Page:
Have fields or areas that are susceptible to manure runoff? In this post we’ll be talking about a few ways to keep manure and clean water sources separate and how to help you find manure management practices that are a good fit for your farm.
Goal number one: Are you using manure nutrients for enhancing soil?
The price of fertilizer has dramatically increased in the past couple of years. That is why it is practical to use a common fertilizer that is already being produced on your farm…manure. It is best to first develop nutrient strategies with a certified crop adviser so you are able to utilize the soil nutrients that improve on the fertility and productivity of your crops.
Goal number two: Are you protecting the health and safety of the public and livestock when you handle manure?
Limiting animal’s access to ponds, streams, ditches and wetlands, collecting manure frequently and avoiding stockpiling manure in a dry creek bed or ditches can help keep clean water sources clean.
Goal number three: In what ways are you preventing surface and ground water contamination?
By incorporating proper manure management practices on your farm, you can divert clean water away from manure by constructing berms, diversions or filter strips.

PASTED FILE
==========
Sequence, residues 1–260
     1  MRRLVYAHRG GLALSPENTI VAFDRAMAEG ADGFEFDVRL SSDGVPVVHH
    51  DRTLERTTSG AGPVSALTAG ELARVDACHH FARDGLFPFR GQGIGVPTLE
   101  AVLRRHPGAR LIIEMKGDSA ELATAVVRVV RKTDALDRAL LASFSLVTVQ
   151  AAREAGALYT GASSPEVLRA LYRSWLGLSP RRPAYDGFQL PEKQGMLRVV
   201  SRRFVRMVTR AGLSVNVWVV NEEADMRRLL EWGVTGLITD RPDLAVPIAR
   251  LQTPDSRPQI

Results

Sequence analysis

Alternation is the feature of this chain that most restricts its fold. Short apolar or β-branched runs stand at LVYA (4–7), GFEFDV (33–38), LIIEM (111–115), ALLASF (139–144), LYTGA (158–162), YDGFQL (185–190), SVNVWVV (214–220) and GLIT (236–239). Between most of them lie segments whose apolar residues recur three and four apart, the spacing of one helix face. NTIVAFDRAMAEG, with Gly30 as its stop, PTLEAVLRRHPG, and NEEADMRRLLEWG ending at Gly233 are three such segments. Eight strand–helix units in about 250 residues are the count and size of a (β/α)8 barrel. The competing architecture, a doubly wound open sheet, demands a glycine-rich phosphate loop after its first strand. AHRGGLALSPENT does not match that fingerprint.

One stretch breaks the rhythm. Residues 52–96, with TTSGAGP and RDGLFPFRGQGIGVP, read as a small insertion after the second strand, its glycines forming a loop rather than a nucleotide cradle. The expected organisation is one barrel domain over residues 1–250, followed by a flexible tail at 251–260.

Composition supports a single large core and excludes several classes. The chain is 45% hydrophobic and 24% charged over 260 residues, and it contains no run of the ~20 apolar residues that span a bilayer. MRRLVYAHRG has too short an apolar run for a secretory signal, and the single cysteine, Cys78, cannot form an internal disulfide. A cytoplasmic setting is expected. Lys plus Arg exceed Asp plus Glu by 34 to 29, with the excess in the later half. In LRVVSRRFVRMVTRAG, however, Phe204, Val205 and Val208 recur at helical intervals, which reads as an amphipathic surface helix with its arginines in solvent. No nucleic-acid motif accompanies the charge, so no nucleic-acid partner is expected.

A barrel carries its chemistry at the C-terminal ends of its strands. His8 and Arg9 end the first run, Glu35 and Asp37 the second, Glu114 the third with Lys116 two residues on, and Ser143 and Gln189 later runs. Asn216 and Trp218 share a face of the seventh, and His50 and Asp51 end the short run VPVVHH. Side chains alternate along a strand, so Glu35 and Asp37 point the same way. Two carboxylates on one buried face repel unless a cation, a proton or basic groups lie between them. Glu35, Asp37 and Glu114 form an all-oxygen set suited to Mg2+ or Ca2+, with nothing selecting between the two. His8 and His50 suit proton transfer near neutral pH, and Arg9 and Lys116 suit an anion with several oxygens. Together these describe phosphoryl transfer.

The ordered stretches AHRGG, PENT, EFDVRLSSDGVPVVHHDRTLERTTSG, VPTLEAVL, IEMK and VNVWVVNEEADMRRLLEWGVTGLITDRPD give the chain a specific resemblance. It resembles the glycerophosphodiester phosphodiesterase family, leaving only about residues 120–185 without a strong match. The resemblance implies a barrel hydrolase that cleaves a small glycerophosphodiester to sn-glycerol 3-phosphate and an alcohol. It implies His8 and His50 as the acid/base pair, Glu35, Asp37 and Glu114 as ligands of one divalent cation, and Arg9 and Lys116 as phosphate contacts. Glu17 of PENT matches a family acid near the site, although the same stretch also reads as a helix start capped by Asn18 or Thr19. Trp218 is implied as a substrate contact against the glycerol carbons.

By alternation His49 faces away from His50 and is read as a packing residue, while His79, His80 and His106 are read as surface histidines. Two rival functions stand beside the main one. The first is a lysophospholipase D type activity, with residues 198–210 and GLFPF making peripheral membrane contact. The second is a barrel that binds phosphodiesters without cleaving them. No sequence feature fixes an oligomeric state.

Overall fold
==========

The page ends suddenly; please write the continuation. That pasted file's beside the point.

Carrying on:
What do all these terms mean? Here are a handful of definitions.
Diversion is a channel constructed across a slope with a supporting ridge on the lower side and is put in place to control erosion and runoff.
Berms are designed to capture and let runoff soak in during frequent, but small storms. Constructing it perpendicular to the direction of runoff allows the pollutants to settle before the water is slowly released into pastures.
Filter strips slow runoff from fields by trapping and filtering nutrients, pesticides and sediments before reaching the surface waters. They are planted between fields and the surface water to protect water quality.
If you have more questions on any of these terms please drop us a comment!
All of these goals and practices are discussion points to talk with your agronomist, crop adviser or land county officer when you are creating or updating your nutrient management plan. It is important to consider all options because one style does not fit all. Climate, landscape and herd sizes vary from farm to farm. Before you make plans and invest the money, see what method works best for you.